That's not to say there are some distracting issues that all authors and readers have to deal with (As I mentioned earlier, using "said" after after an obviously yelled exclamation point always bugs me) and some people are bothered by certain things more than others. There are legitimate guidelines that writers should follow (such as proper grammar or good character development) and some writers are better at breaking these “rules” than others. And short attention spans aside, I know people are busy, and books should be worthwhile. No one wants to finish a novel and think, gee, I just wasted the last four hours of my life. I should have spent that time watching Monk reruns on Netflix. A part of that, I think, is knowing when one is purposefully breaking the rules. Whenever these advice-givers mention the previously expressed examples as signs of juvenile or inexperienced writing, they are not always wrong. Many times if an author is unaware that they are doing these things, they do them badly. Thus, bad writing.

            When it comes to writing advice, I've noticed that if the article/blog is focused more on selling books to publishers or agents, marketing, or making them appeal to the "general market," I'm more likely to disagree with its advice. On the other hand, if the article is simply about writing to the best of one's ability or is specialized to a certain genre or purpose, it's usually much more helpful.

            Also, every story is different, and every story has different needs. Not all stories have the same purpose or theme, and all words, techniques, and writing choices should be used to further those goals in the best and most efficient way possible.

            But this post itself is not infallible; it is only my opinion. And that's what writing articles are, in general: opinions. People have different tastes, and while I do think there is such a thing as universally "bad" writing in the matter for storytelling, there isn't one right way to write a book. There are many "right" ways to craft a story. Of course, there are also a lot of ways to mess up and write a bad one, too. Amazingly, though, I've found that there's a lot less variety in bad writing. Most good books are great in original or imaginative ways. Most bad books, on the other hand, are woefully similar. 

            My personal philosophy of writing is to be as truthful and as purposeful in your story as you can. You can break as many rules in your writing as you want, but only if you have a reason for doing so. And not everyone will like it, either. There are some people who are bothered by the very things I enjoy in books, and that's okay. But there are also readers who enjoy the same things I do- and doesn't it make much more sense for me to be writing for them, rather than writing something I don't like just to hook readers with different tastes?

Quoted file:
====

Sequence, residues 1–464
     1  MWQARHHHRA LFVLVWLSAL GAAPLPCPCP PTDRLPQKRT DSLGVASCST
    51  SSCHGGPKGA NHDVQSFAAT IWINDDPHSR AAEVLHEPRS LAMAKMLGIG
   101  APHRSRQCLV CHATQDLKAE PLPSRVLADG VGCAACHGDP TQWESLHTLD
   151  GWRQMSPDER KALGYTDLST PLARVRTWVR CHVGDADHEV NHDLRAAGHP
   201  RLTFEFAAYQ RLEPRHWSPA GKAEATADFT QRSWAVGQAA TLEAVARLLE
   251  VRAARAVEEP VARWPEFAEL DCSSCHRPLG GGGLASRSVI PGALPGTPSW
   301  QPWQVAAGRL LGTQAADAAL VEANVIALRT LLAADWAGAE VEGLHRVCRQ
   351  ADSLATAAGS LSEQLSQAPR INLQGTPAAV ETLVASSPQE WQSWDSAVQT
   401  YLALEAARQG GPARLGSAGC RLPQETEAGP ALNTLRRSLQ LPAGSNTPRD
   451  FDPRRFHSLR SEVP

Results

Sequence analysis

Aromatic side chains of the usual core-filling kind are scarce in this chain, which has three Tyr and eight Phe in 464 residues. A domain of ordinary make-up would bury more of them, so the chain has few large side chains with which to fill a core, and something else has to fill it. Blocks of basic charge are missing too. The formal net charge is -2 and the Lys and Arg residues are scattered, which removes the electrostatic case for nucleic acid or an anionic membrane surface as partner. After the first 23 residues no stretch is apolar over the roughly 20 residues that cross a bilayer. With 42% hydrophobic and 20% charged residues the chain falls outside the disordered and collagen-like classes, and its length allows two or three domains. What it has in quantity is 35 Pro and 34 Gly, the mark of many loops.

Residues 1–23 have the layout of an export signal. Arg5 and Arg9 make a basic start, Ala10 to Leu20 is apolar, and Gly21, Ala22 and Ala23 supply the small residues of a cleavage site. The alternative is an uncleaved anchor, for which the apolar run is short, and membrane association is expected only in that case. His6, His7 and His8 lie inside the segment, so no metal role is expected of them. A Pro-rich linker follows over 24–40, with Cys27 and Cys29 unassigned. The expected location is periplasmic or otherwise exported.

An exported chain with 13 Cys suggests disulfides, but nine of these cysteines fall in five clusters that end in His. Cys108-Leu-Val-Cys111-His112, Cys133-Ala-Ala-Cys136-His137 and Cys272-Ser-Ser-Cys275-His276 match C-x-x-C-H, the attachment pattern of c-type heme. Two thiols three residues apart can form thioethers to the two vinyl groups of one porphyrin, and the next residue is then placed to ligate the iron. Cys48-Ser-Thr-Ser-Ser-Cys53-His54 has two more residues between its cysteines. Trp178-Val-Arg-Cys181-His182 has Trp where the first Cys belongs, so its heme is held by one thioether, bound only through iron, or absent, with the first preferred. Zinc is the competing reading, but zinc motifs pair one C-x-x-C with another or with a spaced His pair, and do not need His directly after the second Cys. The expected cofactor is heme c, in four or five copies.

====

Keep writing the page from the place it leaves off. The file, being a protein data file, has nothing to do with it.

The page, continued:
Well, to end with some writing advice that I do agree with...


So write your story as it needs to be written. Write it honestly, and tell it as best as you can.

I think I might go with Mr. Gaiman on this one.

Friday, March 4, 2016

Congrats to the Five Magic Spindles Winners!

     I meant to do this post earlier, but I've been so busy with school I'm only getting around to it now. However, I still want to congratulate the winners of the Five Magic Spindles contest! I was especially excited to see Rachel Kovaciny (our very own Hamlette) as well as Grace Mullins, both wonderful writers whose blogs I've been following for quite some time now. Welcome to the Rooglewood Press family! :) Of course, the hard work isn't over yet. Editing can be a straining process (Fellow Enchanted Roses author Jenelle Schmidt wrote a wonderful series of posts elaborating on this, which I recommend checking out) and, not to frighten you all, but there probably will be moments where you may want to cry, pull out your hair, and commit to never writing again (or possibly all three at the same time). But this will pass, and there's nothing quite so amazing as seeing your very own beloved words and characters in print. :)

     And to all who didn't win: keep writing! Many of the now-published authors in these fairy tale collections didn't win on their first try, and the road to publication itself can be a hard, nerve-fraying journey. But the key is to not give up and to keep practicing and perfecting your craft.

For more on the authors and winning stories, head over to Rooglewood Press's site here for more details.